A Study of Recombinant Vaccinia Virus to Treat Malignant Melanoma
The purpose of this research study is to find out whether JX-594 (Pexa-Vec) is safe and effective for treating surgically unresectable malignant melanoma.
|Study Design:||Endpoint Classification: Safety/Efficacy Study
Intervention Model: Single Group Assignment
Masking: Open Label
Primary Purpose: Treatment
|Official Title:||A Phase I/II, Open-Label Study of JX-594 (Thymidine Kinase-deleted Vaccinia Virus Plus GM-CSF) Administered by Intratumoral Injection in Patients With Unresectable Stage 3 or Stage 4 Malignant Melanoma|
- Response rate for injected tumor(s) [ Time Frame: Initial response assessment at 6 weeks ] [ Designated as safety issue: No ]
- Safety, as determined by incidence of treatment-related adverse events, serious adverse events (SAEs), and clinically-significant changes from baseline in routine laboratory parameters [ Time Frame: Safety evaluation throughout study period ] [ Designated as safety issue: Yes ]
- Best overall response for entire disease burden (RECIST criteria) [ Time Frame: Initial response assessment after six weeks ] [ Designated as safety issue: No ]
- Progression-free survival (PFS) [ Time Frame: Follow-up every three weeks until new therapy or disease progression ] [ Designated as safety issue: No ]
- Response rate of non-injected tumor(s) [ Time Frame: Initial response assessment at six weeks ] [ Designated as safety issue: No ]
|Study Start Date:||March 2007|
|Study Completion Date:||December 2009|
|Primary Completion Date:||February 2008 (Final data collection date for primary outcome measure)|
Experimental: Single Arm
Intratumoral injection(s) of Recombinant Vaccinia GM-CSF, JX-594
Thymidine kinase-deleted vaccinia virus plus GM-CSF
Other Name: JX594
Cancer of the skin is the most common of all cancers, probably accounting for more than 50% of all cancers. Melanoma accounts for about 4% of skin cancer cases but causes a large majority of skin cancer deaths. The American Cancer Society estimates that about 62,190 new melanomas will be diagnosed in the United States during 2006.
DTIC is the only chemotherapy drug approved by the FDA for the treatment of metastatic melanoma. The reported response rates are 5-20% without any evidence of prolonged survival in randomized clinical trials versus best supportive care. The median overall survival for melanoma patients treated with DTIC alone is approximately 8 months; PFS and TTP following treatment with DTIC is approximately 7 weeks, and the objective response rate for DTIC alone (CR+PR) is less than 10% (Millward, 2004). Other chemotherapy agents including cisplatin and carboplatin, BCNU, vindesine, paclitaxel, docetaxel, and vinorelbine have also been tested but none have improved upon the very modest activity of DTIC.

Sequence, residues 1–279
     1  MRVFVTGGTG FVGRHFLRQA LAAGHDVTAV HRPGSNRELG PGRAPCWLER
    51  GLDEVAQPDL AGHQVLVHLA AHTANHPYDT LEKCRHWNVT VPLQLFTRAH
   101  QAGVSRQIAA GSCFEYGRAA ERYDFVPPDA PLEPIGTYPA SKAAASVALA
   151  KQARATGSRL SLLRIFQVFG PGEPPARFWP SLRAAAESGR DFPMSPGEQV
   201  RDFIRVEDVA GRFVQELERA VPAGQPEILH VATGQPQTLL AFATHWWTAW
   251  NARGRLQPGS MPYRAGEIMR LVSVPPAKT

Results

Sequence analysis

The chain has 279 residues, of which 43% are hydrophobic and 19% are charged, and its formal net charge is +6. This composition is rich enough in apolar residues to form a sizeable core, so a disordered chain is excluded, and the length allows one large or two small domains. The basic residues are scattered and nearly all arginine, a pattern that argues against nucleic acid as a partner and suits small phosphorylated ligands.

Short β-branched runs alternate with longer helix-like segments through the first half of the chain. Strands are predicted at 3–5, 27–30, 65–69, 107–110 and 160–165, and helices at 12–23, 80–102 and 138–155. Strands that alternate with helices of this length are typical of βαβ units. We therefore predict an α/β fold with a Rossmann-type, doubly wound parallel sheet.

Melanoma may be the optimal target for JX-594 immunotherapy because of the relatively high rate of accessible disease for injection, the positive response of melanoma seen with IL-2 immunotherapy, and the lack of effective, tolerable therapy for patient with metastatic melanoma. Furthermore, it is speculated that JX-594 replication targets the EGFR pathway, which is highly expressed in melanocytes.
Results from an initial Phase I/II study suggest that intratumoral injection of JX-594 is safe and effective in treating both injected and distant disease in patients with surgically incurable metastatic melanoma. Response of both injected tumors (in 5 of 7 patients) and response of at least one non-injected tumor (in 4 of 7 patients) was demonstrated, including two patients who achieved a partial response (6 + months) and a complete response (4 + months) to JX-594 treatment. Particularly noteworthy is that efficacy and gene expression occurred despite pre-treatment vaccination (and, therefore, pre-existing anti-vaccinia immunity) in all patients.
Please refer to this study by its ClinicalTrials.gov identifier: NCT00429312
|United States, California|
|Los Angeles, California, United States, 90095|
|United States, Montana|
|Billings, Montana, United States, 59101|
|United States, South Carolina|
|Cancer Center of the Carolinas|
|Greenville, South Carolina, United States, 29605|
|Principal Investigator:||James Burke, M.D.||Billings Clinic|
|Study Director:||David H Kirn, M.D.||Jennerex Biotherapeutics|